Cover Image


View/Hide Left Panel

BOX 3.1

Adaptive Risk Management: Iterative and Inclusive Management of Climate Risks

Because individuals and groups often have trouble making sound decisions in the face of uncertainty, many tools have been developed to enhance our ability to make decisions in the face of risk (Bernstein, 1998; Jaeger et al., 2001). This suite of tools and the logic of their application are often referred to as adaptive risk management or sometimes iterative risk management or risk governance (Arvai et al., 2006; Renn, 2005, 2008). Components of adaptive (or iterative) risk management are discussed in the following paragraphs and are developed in more detail in the companion report Informing an Effective Response to Climate Change (NRC, 2010b).

Risk identification, assessment, and evaluation. Risks need to be evaluated by a range of affected stakeholders (who typically have different values and preferences) and by considering a range of factors. These include the impacts of allowing risks to go unmitigated, the costs of different risk-management strategies, and public perceptions and acceptability of risks and/or responses to those risks, as well as broader societal values that tend to favor certain general approaches to managing risk over others (e.g., a precautionary approach versus a cost-benefit or risk-benefit approach).

Iterative decision making and deliberate learning. Because many climate-related decisions will have to be made with incomplete information, and new information can be expected to become available over time (including information about the effectiveness of actions taken), decisions should be revisited, reassessed, and improved over time. This will require deliberate planning and processes for “learning by doing,” as well as ongoing monitoring and assessment to evaluate both evolving risks and the effectiveness of responses.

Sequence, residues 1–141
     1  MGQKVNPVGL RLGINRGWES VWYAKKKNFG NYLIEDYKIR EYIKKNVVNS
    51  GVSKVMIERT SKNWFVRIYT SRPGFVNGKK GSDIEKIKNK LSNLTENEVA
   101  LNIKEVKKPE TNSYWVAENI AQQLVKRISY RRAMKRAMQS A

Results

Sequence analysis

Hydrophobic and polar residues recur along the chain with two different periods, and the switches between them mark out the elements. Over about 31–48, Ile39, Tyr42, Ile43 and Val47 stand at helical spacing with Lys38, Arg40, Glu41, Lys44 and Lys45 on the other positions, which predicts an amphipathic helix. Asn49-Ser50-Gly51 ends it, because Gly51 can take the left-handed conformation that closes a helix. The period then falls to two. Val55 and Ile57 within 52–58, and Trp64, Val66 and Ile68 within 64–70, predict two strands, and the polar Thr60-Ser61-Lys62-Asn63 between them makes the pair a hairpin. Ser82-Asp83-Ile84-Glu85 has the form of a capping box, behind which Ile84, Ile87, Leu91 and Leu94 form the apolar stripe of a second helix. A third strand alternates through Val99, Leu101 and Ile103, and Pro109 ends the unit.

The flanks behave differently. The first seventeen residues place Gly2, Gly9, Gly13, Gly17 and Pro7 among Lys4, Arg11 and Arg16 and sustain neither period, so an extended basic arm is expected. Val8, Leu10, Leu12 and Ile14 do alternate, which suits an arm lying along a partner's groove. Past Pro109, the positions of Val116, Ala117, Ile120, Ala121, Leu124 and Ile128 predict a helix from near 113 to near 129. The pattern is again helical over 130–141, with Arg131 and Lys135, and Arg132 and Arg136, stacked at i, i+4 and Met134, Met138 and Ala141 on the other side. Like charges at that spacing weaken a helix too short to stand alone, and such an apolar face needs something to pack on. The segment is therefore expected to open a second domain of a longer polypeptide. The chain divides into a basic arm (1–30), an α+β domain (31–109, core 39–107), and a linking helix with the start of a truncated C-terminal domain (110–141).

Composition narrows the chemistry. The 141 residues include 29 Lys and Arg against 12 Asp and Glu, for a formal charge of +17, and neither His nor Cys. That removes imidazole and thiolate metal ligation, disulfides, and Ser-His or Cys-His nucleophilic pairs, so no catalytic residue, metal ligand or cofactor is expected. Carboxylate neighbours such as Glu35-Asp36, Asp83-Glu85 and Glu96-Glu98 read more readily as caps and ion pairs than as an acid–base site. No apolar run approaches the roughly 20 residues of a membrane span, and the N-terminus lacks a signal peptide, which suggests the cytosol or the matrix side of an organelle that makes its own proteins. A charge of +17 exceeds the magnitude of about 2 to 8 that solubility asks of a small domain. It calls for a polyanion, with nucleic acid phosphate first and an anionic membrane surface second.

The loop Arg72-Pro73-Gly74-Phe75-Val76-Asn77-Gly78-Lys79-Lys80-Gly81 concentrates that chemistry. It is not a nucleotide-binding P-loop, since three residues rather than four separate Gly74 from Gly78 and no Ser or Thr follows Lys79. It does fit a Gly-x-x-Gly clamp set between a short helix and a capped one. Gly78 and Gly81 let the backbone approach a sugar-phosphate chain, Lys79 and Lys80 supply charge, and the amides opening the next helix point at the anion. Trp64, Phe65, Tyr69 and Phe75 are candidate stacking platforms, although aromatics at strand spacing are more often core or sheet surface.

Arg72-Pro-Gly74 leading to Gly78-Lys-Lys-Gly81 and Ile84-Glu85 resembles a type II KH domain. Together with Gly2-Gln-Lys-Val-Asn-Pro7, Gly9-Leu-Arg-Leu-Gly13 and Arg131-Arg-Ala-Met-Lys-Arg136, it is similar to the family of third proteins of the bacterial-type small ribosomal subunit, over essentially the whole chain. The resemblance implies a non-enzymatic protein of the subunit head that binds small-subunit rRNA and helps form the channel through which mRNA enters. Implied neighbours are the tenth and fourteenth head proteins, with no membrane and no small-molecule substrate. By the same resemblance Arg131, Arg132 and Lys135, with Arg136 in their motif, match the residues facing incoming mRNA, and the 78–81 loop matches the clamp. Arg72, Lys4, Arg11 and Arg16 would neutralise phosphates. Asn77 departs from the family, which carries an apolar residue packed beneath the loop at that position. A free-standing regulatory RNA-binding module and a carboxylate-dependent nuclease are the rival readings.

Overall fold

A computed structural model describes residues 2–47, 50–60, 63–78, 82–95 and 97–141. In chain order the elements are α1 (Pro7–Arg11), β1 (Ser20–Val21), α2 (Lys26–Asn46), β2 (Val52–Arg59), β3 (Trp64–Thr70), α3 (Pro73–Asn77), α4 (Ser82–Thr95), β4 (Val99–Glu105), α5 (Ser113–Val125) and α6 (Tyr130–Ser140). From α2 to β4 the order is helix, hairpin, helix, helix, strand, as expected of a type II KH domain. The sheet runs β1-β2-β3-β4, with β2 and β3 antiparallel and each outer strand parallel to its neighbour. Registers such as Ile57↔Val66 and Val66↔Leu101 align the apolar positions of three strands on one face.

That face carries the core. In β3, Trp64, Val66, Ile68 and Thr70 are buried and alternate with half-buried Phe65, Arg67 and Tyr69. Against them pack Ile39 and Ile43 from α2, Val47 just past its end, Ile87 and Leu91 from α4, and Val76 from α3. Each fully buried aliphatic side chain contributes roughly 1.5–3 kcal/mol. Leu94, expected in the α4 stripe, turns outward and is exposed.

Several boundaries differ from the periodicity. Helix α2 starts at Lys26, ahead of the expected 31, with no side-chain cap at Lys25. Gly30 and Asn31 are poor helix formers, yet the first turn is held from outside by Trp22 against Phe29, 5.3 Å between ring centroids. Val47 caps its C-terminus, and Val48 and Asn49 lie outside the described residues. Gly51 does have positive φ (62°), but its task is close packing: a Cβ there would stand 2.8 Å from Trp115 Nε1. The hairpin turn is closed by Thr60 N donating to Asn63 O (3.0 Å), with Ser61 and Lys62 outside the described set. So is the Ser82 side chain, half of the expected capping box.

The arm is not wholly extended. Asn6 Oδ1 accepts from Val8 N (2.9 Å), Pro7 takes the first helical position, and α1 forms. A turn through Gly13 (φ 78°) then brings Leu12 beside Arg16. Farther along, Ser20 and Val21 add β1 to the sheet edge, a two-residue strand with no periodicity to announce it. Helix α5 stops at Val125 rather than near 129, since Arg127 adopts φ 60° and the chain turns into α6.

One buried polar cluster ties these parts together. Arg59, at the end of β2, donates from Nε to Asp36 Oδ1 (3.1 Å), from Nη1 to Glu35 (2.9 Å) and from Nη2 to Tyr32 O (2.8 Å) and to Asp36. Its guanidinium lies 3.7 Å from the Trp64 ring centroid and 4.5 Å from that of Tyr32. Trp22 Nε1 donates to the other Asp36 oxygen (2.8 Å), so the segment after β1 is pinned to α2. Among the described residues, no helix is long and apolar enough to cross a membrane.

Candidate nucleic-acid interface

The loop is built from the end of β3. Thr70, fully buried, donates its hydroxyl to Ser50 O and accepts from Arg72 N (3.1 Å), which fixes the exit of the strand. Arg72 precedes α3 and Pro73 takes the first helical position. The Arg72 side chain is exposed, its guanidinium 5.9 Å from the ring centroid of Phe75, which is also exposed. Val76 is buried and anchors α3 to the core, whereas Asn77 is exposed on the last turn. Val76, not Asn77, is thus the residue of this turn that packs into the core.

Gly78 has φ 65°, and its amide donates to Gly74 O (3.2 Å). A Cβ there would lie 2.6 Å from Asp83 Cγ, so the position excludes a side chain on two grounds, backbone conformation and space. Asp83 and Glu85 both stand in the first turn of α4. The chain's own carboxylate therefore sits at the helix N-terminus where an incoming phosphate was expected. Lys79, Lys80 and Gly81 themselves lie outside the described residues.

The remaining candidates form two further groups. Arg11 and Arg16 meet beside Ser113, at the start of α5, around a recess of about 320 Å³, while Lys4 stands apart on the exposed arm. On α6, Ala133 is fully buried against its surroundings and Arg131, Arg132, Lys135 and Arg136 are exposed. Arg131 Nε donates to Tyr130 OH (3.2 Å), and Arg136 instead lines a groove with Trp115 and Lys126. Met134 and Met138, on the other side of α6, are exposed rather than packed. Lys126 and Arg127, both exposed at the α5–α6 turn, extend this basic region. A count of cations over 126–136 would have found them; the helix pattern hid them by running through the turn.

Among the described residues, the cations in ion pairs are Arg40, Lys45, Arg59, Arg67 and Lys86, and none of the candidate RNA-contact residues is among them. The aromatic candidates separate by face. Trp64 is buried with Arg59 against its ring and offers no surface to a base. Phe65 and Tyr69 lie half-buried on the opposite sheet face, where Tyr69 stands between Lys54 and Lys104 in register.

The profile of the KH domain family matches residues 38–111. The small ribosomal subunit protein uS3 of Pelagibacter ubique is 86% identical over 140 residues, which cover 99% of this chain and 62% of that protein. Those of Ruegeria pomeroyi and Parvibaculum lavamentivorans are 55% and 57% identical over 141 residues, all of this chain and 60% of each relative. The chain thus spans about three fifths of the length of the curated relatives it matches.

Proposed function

Maximizing flexibility. Whenever decisions with long-term implications can be made incrementally (i.e., in small steps rather than all at once), the risk of making the “wrong” decision now can be reduced by keeping as many future options open as possible.

  • Develop, through research on human behavior and decision making itself, improved decision-making processes.

The discussion in the preceding section suggests that the climate is not a system that can be turned quickly and that responses to climate change may be necessary even as more information on risks is collected. Fundamentally, dealing with climate change requires making decisions without complete certainty. Under such conditions, adaptive risk management (Box 3.1) is a useful—and advisable—strategy for responding to climate-related risks as conditions change and we learn more about them.

The National Academies | 500 Fifth St. N.W. | Washington, D.C. 20001
Copyright © National Academy of Sciences. All rights reserved.
Terms of Use and Privacy Statement